If you’re looking to do video editing or other work that requires processing power, you’ll be better served by a laptop with a 45W CPU. The 15W chip in the Surface Book 3 is fine for lightweight tasks, but it struggles with heavier work.
What’s the battery life like?
Battery life has always been a strong point of the Surface Book series. This is primarily because it hides two batteries in the chassis. I easily got over 10 hours in a general day’s use, which is comparable to many ultrabooks. Considering the Surface Book 3 only uses a 15W CPU, though, this makes sense.
If you want to use the tablet portion by itself, you’ll get just over 3 hours. This is a bit disappointing if you’re into using the tablet more often, but Microsoft included a Surface Connect port in the tablet itself in case you want to charge it separately from the battery base.
Speaking of the Surface Connect port, it’s nice to see it’s still around. I love magnetic chargers, as they help to keep the laptop safe if something or someone collides with the cord. The charger also has a USB-A port built into it, which is great if you want to charge your phone or headphones while using the laptop.
The Surface Book 2 sometimes drained battery power while playing intensive games, even while plugged in. This was due to the 102W power supply. Microsoft rectified this issue by including a 127W power adapter with the Surface Book 3.
What I like about the Microsoft Surface Book 3
The keyboard is one of my favorite things about the Surface Book 3. While some beefier laptops now have room for thicker, more mechanical keyboards, I still adore the keyboard on the Surface Book 3. It has great travel and actuation and feels very rigid due to the magnesium construction. I could type on this thing all day.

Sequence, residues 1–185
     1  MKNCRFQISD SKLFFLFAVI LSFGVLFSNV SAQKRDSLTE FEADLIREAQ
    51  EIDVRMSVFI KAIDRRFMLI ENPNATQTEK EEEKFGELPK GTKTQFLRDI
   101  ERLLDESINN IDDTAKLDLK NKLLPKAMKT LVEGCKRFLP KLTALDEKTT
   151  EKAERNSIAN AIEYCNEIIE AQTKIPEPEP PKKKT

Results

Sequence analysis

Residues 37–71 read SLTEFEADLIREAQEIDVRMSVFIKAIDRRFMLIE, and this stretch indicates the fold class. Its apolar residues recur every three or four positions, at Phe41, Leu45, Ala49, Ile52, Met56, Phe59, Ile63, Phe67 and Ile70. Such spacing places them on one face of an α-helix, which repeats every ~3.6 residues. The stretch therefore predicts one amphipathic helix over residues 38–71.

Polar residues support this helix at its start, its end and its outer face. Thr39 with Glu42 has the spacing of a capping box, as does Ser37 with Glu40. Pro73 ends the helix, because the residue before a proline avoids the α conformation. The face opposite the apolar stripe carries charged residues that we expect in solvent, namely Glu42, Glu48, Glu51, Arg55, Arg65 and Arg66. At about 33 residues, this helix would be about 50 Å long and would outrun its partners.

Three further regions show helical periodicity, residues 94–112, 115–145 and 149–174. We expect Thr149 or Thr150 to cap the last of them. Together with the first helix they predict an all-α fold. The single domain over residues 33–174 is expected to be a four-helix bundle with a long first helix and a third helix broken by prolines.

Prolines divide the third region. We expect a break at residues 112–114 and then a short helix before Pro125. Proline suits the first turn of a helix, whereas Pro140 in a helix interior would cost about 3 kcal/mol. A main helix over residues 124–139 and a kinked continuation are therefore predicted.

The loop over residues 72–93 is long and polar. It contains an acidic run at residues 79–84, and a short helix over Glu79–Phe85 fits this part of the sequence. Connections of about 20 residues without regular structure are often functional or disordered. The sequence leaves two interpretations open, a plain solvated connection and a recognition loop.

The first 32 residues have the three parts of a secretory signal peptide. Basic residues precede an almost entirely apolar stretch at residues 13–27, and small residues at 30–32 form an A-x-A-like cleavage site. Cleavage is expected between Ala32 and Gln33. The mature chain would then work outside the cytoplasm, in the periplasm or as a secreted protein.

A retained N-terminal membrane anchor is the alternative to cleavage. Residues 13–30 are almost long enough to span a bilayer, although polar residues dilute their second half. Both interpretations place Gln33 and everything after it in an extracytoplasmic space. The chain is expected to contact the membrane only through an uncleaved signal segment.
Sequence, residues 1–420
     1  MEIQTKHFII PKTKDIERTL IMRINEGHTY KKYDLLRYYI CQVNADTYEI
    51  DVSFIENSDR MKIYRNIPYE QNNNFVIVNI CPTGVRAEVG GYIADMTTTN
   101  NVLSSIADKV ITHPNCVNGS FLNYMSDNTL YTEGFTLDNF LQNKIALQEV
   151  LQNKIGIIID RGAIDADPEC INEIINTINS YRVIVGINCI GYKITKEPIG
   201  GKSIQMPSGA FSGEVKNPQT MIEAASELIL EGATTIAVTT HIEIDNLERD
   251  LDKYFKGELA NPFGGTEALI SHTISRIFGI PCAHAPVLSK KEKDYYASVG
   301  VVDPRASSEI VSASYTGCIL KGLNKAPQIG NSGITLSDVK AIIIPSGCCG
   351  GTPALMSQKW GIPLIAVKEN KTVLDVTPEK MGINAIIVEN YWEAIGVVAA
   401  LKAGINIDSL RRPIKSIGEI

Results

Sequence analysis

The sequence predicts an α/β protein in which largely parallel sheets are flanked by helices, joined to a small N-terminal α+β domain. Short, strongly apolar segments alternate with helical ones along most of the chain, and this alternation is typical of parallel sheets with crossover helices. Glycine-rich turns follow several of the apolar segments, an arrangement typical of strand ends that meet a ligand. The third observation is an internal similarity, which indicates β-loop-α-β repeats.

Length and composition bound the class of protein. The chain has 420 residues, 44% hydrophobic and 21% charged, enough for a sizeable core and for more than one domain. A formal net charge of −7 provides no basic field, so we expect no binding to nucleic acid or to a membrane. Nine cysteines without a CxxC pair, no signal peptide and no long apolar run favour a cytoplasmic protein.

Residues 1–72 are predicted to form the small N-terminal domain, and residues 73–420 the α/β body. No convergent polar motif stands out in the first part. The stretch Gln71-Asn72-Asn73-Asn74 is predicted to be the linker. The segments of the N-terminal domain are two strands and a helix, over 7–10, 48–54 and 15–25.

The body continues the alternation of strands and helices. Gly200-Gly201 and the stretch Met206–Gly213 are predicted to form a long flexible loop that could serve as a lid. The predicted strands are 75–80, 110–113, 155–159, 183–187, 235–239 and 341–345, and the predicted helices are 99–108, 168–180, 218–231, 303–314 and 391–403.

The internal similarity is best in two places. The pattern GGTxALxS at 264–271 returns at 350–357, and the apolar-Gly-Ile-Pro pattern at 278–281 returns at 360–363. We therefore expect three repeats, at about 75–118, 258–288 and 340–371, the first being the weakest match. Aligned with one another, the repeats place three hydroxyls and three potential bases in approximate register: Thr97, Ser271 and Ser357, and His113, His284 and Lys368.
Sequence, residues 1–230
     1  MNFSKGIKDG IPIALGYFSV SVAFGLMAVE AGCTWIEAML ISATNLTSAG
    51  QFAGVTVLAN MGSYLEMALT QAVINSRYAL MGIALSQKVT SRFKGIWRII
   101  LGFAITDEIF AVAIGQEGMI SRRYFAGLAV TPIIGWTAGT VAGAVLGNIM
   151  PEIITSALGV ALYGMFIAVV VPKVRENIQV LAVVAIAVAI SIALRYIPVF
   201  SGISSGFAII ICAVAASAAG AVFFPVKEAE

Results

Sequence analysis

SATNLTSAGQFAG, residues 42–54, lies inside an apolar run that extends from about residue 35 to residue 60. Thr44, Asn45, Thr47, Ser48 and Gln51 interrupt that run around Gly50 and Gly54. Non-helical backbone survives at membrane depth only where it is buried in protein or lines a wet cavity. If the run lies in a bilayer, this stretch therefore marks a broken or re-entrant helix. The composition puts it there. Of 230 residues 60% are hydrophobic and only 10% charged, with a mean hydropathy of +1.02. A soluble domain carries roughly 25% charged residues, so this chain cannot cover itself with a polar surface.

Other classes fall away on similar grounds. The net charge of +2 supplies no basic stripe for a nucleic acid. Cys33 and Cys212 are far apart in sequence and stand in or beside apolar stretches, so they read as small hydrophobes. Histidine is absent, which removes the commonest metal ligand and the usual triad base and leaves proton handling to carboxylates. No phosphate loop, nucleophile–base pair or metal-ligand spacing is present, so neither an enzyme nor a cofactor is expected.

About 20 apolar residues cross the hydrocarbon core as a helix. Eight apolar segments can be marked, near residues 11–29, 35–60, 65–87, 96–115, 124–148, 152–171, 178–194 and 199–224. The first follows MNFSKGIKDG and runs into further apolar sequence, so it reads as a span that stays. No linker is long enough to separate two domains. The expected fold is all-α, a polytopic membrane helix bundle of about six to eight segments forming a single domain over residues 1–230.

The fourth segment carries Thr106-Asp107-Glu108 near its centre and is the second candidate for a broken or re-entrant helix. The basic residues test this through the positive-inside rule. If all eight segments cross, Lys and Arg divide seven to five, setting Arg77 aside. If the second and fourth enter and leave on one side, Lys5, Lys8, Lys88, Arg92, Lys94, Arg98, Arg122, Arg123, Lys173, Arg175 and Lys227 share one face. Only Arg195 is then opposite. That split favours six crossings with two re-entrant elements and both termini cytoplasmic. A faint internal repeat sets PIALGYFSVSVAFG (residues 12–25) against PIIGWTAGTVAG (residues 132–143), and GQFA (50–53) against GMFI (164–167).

Build quality of the Surface Book 3 is hard to beat. Microsoft’s industrial design of the Surface line is so unique, it’s hard to find anything else quite like it. It gives the laptop incredible amounts of style and makes it feel like a premium device. Combined with the fulcrum hinge, the Surface Book 3 is unlike any other laptop on the market, even 5 years after the release of the original.
This is some of the best industrial design you'll find in a laptop.
Battery life on the Surface Book series has also always been a strong point. Because the laptop has two separate batteries, it lasts for a really long time in laptop mode.
Lastly, the cameras on the Surface Book 3 are fantastic. While many laptop webcams are terrible, Microsoft used a 1080p-capable 5MP webcam for the front camera and an 8MP camera on the back. I had multiple people ask me why my video looked so good during video calls.